Friday, September 23, 2011

Zofran (ondansetron): Drug Safety Communication - Risk of Abnormal Heart Rhythms


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A big "thank you" and a tip o'the electron to my friend Dr. David M. Haas Lambert for this post.  David's practice is Triangle Oral & Maxillofacial Surgery and Implant Centre, and he is aDiplomate, Amerian Board of Oral and Maxillofacial Surgeons, Fellow, American College of Oral and Maxillofacial Surgeons Fellow, and a member of the American Association of Oral and Maxillofacial Surgeons.
As such, he's a pretty smart guy and, needless to say, well versed in the sedation and anesthesia aspect of his profession.  Yesterday David sent out an email to many of us in the profession with the following info.  I feel this kind of information dissemination is not only good to know for the doctors who read this blog, but also for the patients and lay people who also stop by for updates on technology and leading edge aspects of healthcare.  This is the kind of info that can save lives.  Feel free to pass it along.  Thank you David!


AUDIENCE: Oncology, Anesthesiology

ISSUE: FDA notified healthcare professionals and patients of an ongoing safety review and labeling changes for the anti-nausea drug Zofran (ondansetron, ondansetron hydrochloride and generics). Ondansetron may increase the risk of developing prolongation of the QT interval of the electrocardiogram, which can lead to an abnormal and potentially fatal heart rhythm, including Torsade de Pointes. Patients at particular risk for developing Torsade de Pointes include those with underlying heart conditions, such as congenital long QT syndrome, those who are predisposed to low levels of potassium and magnesium in the blood, and those taking other medications that lead to QT prolongation.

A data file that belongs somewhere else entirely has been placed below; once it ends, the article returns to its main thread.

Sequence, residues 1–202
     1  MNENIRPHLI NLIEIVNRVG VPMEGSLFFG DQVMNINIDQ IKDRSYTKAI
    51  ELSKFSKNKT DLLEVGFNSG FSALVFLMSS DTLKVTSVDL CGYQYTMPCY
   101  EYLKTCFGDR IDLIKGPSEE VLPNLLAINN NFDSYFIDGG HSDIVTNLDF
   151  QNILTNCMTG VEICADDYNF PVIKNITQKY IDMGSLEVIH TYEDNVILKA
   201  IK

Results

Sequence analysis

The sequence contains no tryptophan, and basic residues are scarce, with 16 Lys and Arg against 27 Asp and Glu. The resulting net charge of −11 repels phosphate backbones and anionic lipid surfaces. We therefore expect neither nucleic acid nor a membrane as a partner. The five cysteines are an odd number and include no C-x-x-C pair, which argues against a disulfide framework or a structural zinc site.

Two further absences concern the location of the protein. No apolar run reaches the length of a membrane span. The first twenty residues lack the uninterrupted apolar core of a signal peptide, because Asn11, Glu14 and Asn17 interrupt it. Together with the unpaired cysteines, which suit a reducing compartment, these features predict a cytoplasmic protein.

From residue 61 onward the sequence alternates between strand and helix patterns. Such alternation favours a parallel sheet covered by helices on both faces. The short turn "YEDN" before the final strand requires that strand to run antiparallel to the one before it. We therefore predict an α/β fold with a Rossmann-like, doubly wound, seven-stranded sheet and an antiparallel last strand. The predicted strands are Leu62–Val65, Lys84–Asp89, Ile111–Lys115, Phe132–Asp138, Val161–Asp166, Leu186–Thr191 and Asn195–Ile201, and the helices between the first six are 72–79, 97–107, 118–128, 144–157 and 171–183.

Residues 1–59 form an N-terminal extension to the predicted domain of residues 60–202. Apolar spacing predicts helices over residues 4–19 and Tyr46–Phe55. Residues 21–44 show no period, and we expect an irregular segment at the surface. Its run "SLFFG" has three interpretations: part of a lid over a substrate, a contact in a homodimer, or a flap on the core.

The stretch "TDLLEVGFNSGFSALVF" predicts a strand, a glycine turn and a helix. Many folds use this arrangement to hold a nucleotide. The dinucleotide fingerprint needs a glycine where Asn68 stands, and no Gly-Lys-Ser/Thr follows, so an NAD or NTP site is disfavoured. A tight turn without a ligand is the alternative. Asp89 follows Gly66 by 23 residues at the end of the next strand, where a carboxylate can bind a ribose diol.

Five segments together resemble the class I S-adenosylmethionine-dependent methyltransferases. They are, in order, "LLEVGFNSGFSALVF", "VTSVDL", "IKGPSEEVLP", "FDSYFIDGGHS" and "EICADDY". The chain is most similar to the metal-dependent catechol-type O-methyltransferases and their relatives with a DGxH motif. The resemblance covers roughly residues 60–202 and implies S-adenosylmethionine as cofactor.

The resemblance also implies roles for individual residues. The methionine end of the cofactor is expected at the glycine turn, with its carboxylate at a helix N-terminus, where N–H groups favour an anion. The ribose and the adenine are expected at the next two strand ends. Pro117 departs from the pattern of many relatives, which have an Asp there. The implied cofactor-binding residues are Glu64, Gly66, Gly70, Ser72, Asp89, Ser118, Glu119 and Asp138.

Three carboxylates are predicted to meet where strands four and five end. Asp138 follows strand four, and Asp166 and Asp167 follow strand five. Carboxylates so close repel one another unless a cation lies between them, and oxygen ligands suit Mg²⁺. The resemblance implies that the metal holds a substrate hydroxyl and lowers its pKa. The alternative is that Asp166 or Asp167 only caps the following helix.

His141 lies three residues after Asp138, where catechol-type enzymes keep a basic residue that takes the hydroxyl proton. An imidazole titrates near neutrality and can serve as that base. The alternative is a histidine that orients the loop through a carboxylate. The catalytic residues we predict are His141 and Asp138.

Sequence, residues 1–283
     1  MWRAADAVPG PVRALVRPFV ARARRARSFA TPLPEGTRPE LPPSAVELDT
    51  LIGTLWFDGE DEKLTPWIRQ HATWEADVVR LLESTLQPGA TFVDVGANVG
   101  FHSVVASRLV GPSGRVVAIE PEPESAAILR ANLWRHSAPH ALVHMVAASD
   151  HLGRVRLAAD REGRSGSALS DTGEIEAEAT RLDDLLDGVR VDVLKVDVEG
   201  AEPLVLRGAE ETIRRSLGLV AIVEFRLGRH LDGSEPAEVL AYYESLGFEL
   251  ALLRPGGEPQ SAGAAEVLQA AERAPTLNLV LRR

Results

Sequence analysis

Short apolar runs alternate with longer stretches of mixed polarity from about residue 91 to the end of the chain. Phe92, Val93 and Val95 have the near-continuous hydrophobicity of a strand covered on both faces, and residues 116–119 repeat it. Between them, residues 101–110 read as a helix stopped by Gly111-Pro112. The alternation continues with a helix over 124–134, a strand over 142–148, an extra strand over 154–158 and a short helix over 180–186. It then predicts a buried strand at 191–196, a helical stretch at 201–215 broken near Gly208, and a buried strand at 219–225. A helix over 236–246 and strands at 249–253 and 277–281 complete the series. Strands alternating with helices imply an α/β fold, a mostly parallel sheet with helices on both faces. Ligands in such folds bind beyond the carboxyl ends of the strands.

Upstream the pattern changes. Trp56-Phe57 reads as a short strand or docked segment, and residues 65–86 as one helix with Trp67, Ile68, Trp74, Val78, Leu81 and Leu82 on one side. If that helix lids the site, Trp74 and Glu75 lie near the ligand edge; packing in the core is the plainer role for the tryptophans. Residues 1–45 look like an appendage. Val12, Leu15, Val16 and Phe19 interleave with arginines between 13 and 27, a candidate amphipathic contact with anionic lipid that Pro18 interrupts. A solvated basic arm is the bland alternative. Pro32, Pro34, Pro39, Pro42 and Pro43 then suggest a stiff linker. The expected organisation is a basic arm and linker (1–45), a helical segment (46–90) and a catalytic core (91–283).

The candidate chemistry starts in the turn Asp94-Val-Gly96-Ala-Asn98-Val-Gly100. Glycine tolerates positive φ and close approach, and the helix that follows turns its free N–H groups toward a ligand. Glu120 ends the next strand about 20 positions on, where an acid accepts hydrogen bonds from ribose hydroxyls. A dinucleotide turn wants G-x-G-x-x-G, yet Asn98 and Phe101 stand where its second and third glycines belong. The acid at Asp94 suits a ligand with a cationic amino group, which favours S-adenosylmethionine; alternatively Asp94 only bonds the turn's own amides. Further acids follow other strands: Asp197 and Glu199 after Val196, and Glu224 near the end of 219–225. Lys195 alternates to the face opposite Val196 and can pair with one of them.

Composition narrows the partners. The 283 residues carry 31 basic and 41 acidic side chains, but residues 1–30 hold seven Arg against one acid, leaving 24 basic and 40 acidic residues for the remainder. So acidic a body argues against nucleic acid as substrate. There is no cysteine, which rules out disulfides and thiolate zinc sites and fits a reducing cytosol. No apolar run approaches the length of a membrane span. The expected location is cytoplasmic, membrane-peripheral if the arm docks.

BACKGROUND: Zofran (ondansetron) is in a class of medications called 5-HT3 receptor antagonists. It is used to prevent nausea and vomiting caused by cancer chemotherapy, radiation therapy and surgery. FDA is requiring GlaxoSmithKline to conduct a thorough QT study to determine the degree to which Zofran (ondansetron) may cause QT interval prolongation.

RECOMMENDATION: The labels are being revised to include a warning to avoid use in patients with congenital long QT syndrome because these patients are at particular risk for Torsade. Recommendations for ECG monitoring in patients with electrolyte abnormalities (e.g., hypokalemia or hypomagnesemia), congestive heart failure, bradyarrhythmias, or in patients taking other medications that can lead to QT prolongation, are being included in the labels.

Healthcare professionals and patients are encouraged to report adverse events or side effects related to the use of these products to the FDA's MedWatch Safety Information and Adverse Event Reporting Program:

  • Complete and submit the report Online:
  • Download form or call 1-800-332-1088 to request a reporting form, then complete and return to the address on the pre-addressed form, or submit by fax to 1-800-FDA-0178




  1. Ondansetron drug is used alone or with other medications to prevent nausea and vomiting caused by cancer drug treatment and radiation therapy. It is also used to prevent and treat nausea and vomiting after surgery. It will blocking one of the body's natural substances that causes vomiting.